In Rev 6:9-10, John speaks of the martyrs in Christ, who remember their martyrdom and beg for vengeance —

(Rev 6:9-10) When he opened the fifth seal, I saw under the altar the souls of those who had been slain because of the word of God and the testimony they had maintained. 10 They called out in a loud voice, “How long, Sovereign Lord, holy and true, until you judge the inhabitants of the earth and avenge our blood?”

This occurs, of course, before the Eschaton. There is not yet a new heaven and earth, and we’ve not yet addressed what happens to us between our deaths and the End.

But, for now, suffice to say that I do not take this to refer to actual souls pleading for actual vengeance. Here are some of the reasons —

* It’s hard to imagine a Stephen or other early martyrs begging for vengeance. Following Jesus’ example, Stephen begged for God’s forgiveness for those who stoned him. And many early Christian martyrs did the same.

* It would be truly awful to imagine spending thousands of years begging for God to avenge their deaths. After all, in Revelation, the vengeance comes at the End of time.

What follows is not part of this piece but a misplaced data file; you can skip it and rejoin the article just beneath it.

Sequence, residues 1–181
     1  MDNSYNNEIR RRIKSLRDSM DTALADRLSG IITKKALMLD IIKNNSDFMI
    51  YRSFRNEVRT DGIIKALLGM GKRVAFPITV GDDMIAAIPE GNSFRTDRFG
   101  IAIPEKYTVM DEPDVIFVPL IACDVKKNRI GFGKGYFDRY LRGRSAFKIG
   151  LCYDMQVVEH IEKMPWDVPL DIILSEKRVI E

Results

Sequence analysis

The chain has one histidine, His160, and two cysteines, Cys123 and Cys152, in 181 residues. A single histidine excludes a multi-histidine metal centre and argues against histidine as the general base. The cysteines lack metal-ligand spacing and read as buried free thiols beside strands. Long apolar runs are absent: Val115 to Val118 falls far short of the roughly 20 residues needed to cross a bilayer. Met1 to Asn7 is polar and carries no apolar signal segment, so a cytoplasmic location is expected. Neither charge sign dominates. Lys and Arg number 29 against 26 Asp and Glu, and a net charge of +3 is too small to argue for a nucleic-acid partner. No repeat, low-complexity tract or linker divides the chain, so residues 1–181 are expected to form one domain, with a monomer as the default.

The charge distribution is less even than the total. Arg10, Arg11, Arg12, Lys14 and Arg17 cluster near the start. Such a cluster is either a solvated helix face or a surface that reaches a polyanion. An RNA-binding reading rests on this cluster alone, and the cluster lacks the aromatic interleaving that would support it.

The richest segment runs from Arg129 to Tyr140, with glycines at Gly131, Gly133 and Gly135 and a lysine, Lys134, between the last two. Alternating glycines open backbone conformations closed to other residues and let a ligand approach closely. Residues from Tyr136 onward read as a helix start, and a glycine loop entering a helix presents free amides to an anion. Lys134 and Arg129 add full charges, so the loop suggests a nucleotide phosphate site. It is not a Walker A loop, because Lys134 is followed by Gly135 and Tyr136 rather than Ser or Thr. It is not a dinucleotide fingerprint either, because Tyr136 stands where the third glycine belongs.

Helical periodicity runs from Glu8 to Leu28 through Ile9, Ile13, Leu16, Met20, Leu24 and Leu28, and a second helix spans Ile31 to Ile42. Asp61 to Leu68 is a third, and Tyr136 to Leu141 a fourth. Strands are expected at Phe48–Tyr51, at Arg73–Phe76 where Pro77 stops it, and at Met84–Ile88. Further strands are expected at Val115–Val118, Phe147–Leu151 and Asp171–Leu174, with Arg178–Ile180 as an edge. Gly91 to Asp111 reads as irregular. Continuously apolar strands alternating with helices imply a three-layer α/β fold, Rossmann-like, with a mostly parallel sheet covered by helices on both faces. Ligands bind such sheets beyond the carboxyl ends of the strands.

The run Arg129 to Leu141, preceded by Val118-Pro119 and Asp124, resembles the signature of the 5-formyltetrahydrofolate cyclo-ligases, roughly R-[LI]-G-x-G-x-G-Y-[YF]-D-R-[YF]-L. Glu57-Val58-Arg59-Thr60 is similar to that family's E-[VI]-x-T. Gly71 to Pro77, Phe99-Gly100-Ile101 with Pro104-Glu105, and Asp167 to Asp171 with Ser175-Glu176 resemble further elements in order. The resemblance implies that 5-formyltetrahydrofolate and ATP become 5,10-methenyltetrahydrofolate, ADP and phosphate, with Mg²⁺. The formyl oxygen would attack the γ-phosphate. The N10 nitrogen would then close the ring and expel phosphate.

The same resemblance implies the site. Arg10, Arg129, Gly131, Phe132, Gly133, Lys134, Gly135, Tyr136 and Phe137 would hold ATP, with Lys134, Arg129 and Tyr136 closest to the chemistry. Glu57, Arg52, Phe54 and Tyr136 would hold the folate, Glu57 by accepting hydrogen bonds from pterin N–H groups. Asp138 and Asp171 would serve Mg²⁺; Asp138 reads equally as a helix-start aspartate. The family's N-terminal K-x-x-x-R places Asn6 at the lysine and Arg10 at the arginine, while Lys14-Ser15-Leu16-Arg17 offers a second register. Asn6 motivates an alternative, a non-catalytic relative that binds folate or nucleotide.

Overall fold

* Other than in the Revelation, we are constantly taught that vengeance is God’s and that our role is to love our enemies and do good to them. I doubt the ethical standards are lowered in heaven.

* Mounce notes that in Hebrew jurisprudence, the victim had to plead his own case in criminal court.

* Mounce further notes that, as the plea for vengeance comes from under the altar, which is where the blood would be, the idea may well be that it’s the blood — or their deaths — that cries out for vengeance, which would be parallel with Gen 4:10 —

(Gen 4:10) The LORD said, “What have you done? Listen! Your brother’s blood cries out to me from the ground.”